"Giving the business the freedom to be the business" is what Peter Powell sees as his main task.
Powell is information services director, ANZ, with health insurance, aged care and health services firm Bupa. The organisation is a branch of the UK-based global healthcare organisation (formerly named the British United Provident Association), that was established in 1947 when 17 British provident associations joined together to provide healthcare for the general public.
Bupa has only recently entered the Australian market under its own brand, following the acquisition of health funds HBA (Victoria) and Mutual Community (SA) in 2002, and MBF in NSW and QLD in 2008.
The combined might of these funds, with benefits paid out of about $4.1 billion, puts Bupa marginally behind the market leader Medibank, which paid out $4.3 billion in benefits last year.
But the size of the organisation and the acquisitions over the last decade are not all that he has had to face. Powell says Bupa is more than health insurance, also covering care homes, health services and analytical services, and it has only recently reorganised its Australian and New Zealand operations, under the ANZ Market Unit banner, into a cross-discipline organisation covering all of those activities under one roof, one managing director, and one IT department.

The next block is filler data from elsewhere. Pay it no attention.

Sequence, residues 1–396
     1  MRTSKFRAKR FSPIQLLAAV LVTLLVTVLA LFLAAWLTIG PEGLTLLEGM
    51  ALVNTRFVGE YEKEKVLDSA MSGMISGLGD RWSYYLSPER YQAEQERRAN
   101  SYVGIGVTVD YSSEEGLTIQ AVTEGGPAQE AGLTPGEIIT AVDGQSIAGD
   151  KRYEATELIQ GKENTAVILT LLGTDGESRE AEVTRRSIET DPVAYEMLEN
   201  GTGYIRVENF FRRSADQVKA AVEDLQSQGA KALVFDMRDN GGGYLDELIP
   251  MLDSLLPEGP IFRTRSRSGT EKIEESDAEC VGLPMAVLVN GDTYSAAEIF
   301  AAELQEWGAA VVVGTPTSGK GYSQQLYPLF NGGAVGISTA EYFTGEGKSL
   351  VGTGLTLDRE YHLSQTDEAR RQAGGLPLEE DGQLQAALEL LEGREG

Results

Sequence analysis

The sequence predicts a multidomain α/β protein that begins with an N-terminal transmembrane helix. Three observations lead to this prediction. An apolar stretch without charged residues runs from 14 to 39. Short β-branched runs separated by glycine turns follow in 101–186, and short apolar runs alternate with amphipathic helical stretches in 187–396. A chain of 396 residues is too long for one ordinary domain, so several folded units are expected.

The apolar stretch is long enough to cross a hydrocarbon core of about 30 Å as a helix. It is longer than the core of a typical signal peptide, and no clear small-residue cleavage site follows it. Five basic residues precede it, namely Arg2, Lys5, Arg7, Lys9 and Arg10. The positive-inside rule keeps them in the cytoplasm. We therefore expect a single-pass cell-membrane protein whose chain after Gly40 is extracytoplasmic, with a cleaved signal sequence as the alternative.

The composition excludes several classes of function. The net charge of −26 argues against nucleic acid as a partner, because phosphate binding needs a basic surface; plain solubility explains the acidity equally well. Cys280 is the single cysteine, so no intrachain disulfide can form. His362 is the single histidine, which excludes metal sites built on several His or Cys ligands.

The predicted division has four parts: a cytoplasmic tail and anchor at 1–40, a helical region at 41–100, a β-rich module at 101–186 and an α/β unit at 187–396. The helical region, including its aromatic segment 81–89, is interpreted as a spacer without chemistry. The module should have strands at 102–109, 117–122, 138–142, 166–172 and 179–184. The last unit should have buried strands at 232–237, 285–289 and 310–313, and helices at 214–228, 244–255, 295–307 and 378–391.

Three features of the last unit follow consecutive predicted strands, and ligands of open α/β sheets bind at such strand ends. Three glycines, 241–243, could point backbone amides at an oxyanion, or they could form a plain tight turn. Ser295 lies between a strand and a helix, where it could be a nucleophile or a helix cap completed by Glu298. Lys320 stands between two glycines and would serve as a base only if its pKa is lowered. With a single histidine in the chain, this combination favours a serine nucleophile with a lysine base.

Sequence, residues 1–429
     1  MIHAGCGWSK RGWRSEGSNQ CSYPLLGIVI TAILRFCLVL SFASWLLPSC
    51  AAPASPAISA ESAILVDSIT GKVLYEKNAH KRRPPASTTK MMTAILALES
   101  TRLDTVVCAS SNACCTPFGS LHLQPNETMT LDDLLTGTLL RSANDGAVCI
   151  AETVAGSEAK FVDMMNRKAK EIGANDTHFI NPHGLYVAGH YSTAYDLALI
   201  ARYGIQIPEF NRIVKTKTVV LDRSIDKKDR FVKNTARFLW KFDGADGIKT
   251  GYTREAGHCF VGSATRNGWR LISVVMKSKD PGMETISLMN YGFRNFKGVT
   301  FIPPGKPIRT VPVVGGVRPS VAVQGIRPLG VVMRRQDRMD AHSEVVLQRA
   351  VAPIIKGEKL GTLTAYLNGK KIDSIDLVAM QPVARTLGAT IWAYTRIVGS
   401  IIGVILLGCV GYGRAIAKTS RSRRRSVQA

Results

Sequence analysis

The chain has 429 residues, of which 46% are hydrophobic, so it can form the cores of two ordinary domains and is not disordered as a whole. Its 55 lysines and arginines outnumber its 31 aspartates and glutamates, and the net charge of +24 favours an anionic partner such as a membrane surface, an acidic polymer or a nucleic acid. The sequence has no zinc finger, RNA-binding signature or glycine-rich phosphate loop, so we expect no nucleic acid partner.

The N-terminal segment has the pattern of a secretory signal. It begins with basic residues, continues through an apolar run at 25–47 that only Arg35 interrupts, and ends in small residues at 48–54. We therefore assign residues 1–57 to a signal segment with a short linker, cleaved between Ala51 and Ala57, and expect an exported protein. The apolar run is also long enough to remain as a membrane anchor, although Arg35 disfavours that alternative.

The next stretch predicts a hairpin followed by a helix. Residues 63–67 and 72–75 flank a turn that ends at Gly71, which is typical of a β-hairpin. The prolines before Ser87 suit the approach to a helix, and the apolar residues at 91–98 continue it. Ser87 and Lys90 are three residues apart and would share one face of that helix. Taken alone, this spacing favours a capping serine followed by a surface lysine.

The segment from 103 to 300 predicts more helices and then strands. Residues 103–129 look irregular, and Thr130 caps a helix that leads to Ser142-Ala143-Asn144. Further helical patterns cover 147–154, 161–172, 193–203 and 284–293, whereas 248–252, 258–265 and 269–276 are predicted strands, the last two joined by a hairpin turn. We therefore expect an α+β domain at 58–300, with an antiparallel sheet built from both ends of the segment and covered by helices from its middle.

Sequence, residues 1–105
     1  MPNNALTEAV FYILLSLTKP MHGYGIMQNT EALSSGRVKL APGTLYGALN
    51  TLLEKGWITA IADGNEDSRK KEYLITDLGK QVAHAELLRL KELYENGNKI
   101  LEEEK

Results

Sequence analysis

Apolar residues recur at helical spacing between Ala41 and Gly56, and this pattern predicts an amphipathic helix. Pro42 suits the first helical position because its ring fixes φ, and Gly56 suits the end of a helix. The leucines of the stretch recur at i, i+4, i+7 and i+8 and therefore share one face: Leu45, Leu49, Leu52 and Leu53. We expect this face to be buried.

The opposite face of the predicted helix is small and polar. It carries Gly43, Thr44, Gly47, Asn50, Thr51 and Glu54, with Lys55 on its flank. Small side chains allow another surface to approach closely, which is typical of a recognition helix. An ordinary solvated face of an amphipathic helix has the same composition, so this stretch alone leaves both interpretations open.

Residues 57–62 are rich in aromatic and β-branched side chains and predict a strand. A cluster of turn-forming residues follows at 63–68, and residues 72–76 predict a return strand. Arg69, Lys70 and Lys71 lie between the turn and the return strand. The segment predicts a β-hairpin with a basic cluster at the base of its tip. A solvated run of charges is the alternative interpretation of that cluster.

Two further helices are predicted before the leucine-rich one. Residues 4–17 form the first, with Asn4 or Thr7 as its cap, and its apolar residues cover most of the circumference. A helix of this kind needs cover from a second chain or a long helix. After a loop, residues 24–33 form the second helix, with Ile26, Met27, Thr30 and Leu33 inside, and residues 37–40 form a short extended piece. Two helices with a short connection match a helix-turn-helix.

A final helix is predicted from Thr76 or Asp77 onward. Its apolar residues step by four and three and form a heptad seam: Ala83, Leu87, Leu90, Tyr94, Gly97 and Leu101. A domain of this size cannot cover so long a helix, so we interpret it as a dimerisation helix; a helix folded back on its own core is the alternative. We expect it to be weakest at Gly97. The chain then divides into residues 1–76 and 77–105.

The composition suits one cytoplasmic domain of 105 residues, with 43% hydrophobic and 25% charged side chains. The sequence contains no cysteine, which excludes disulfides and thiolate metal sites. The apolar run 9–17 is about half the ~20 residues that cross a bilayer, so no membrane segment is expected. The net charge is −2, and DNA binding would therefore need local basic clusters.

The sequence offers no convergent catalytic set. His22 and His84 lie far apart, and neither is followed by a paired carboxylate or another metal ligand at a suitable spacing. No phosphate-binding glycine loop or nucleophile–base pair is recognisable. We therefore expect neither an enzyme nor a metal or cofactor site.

Whereas there were no specific differences between the Australian and New Zealand operations, it's the different cultures that exist between health insurance and health care which mean that it is the executive level's job to bring the formerly separate units to understand the role of each other and exploit the white space in between.
They should work together to a single purpose, which he says is to help customers live longer, happier lives. To this end, Bupa does not have shareholders, and any profit made is ploughed back into the organisation and its service range.
"IT needs to think about the customer," Powell says. "We help to shape the technology, and understand that it's a tool for the business. One size does not fit all, so we have to make sure it is put to an appropriate use for the circumstances.
"IT is a business within a business; my team understands that, and it's the leadership responsibility, in whatever capacity, to look across the whole unit you're leading."
Reaching that understanding has been a journey for Powell.
From his school days, he always knew he wanted to work in IT, and at that point he planned to be an IT director by the time he reached 40. He admits that that age might be seen as a bit late in life these days but, leaving school and going straight into IT, it seemed like a reasonable long-term ambition.
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